On account of these considerations, in this article, we consider a video streaming framework where different versions of the same sequence are encoded at different qualities and switching among these is realized only by means of SP frames, and we jointly address the problems of SP frame location and bit budget allocation, via a game theoretic approach. The former application of game theory in video coding has been presented in the pioneering work[14], where the authors optimize the perceptual quality of the decoded sequence while guaranteeing fairness in bit allocation among macroblocks via a game theoretic approach. Here, we select the optimal SP frame locations and the optimal bit allocation that maximize the overall quality of the encoded sequence. Specifically, we extend the preliminary results in[15], and we formulate a game to optimize: (i) the bit allocation between different frames of the video sequence and (ii) the frame coding mode selection. Optimization is carried out under high-level system constraints, such as the temporal distance between successive SP frames and the overall bit budget available to encode the sequence.

Related studies

State-of-the-art works on SP frames mostly focus on the realization of novel coding techniques aimed at reducing the allocated budget for SP frames. Sun et al.[16] describe a technique to improve the coding efficiency of the SP frames by limiting the mismatch between the prediction reference and the frames to be encoded. In[17], it is shown that by appropriately choosing reference pictures, the size of secondary SP frames can be reduced by up to 40% for random-access and up to 2% for rate-switching, without affecting the decoded sequence quality. In recent literature, the problem of coding mode selection has been deeply discussed. In[18], a low-complexity procedure to address INTRA mode selection is proposed, while in[19] a rate-distortion approach is employed to derive coding mode assignment procedure for intra, predicted and bidirectional predicted slices. In[10], a scheme to select the best switching points among the encoded bitstream has been introduced in the framework of a specific bandwidth reservation scheme, namely the so-called downstairs reservation scheme. The downstairs reservation scheme is based on reserving the maximum bit rate of the encoded sequence until the frame corresponding to such a maximum is transmitted; then, the reserved rate is reduced to the next highest bit rate and so on. Altaf et al.[10] propose to select as switching points in the bitstream those frames where a change in the reserved bit rate is observed. The resulting SP frame allocation scheme allows the SP frame to be transmitted when the receiver buffer is supposed to be empty, with a minimization of the wasted bits after the bitstream switching[10]. The SP frame selection scheme proposed in[10] is not explicitly related to any optimality criterion on the encoded sequence quality. Besides, in spite of its simplicity, the scheme in[10] is suitable only under a particular reservation scheme and, since the SP frames must coincide with the changes in the reserved bit rate, the degree of accessibility may be severely limited. Thereby, it is worth seeking a procedure for coding mode selection and bit allocation independent of the rate reservation scheme possibly implemented in the streaming system; besides, the procedure should allow the user to choose the desired degree of accessibility.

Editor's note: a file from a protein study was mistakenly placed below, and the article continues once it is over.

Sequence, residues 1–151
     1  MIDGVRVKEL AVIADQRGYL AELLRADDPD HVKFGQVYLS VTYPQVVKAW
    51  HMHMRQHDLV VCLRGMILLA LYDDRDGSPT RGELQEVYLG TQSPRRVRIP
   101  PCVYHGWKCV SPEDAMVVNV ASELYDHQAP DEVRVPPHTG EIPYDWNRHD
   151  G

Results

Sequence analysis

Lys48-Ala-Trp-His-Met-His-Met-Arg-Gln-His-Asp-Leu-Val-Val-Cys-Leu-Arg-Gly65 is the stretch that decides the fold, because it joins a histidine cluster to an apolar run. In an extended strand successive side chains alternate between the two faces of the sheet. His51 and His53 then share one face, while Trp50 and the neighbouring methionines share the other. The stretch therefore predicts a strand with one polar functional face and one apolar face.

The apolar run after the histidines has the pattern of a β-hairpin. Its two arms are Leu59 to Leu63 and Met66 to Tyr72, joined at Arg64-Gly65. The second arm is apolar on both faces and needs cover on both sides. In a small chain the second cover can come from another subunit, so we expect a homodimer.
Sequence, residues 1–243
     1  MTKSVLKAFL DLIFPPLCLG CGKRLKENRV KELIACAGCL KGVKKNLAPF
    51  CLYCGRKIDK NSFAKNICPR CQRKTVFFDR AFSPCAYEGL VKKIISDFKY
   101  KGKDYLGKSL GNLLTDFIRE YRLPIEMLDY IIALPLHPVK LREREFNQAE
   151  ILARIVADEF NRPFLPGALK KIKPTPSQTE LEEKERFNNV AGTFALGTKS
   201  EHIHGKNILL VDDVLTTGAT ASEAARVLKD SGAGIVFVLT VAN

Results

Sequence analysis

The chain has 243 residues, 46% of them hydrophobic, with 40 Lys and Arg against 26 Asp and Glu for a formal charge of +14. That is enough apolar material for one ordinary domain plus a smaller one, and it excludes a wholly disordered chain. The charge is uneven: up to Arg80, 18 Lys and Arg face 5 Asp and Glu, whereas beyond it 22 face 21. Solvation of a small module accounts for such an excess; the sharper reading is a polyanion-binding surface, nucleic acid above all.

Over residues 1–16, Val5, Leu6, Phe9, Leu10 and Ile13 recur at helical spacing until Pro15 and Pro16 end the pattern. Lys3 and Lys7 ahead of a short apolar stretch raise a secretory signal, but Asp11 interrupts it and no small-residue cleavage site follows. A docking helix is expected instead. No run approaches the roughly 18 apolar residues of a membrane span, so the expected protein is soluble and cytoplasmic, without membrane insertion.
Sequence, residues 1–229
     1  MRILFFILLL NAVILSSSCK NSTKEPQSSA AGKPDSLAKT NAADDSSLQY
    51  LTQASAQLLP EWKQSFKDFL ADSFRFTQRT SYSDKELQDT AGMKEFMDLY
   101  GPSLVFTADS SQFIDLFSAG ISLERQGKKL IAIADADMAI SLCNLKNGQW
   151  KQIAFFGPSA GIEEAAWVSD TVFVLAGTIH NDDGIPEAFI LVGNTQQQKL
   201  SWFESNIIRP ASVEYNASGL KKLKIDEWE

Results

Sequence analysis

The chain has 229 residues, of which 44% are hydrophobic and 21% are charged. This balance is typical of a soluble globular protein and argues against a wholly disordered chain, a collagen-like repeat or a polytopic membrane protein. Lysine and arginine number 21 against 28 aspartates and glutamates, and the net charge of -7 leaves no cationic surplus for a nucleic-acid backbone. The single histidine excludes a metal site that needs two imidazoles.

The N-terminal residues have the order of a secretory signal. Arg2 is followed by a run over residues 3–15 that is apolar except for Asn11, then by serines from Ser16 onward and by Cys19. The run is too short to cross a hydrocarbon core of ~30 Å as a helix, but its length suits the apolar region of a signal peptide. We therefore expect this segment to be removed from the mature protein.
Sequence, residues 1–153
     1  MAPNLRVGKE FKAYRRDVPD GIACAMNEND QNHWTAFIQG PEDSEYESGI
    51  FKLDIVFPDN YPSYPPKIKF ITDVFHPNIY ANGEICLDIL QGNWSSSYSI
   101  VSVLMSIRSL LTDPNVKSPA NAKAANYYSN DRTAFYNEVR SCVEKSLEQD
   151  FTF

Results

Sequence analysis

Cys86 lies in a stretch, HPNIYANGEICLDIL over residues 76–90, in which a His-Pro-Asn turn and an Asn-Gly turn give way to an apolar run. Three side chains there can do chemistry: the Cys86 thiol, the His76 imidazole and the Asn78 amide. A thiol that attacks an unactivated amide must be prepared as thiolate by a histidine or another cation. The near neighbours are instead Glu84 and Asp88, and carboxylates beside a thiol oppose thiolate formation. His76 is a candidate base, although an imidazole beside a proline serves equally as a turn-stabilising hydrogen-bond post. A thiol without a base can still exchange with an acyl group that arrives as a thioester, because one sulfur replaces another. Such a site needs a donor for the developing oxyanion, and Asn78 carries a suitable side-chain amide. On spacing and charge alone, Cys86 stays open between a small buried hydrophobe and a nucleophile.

Organization of the paper

In this study, we introduce an optimization procedure for coding mode selection and bit allocation derived under a game theoretic framework. Specifically, we formulate the optimization problem by representing the frames of a sequence as players whose strategy is the choice of the coding mode and the allocated bits and whose goal is the maximization of the overall sequence quality. Such an encoding optimization procedure is beneficial in different respects, ranging from rate/distortion of the encoded sequences, to network-related issues such as equalization of the transmission delay and transmission/playout buffer load.

Optimal SP selection and bit budget allocation

Here, we carry out a frame layer optimization of SP frame selection and bit budget allocation for mobile H.264 video streaming resorting to a game theoretic approach. Since the video encoder controls the resource allocation among different frames in a joint fashion, we recast the problem of coding mode selection and bit allocation in terms of strategy selection in a cooperative game.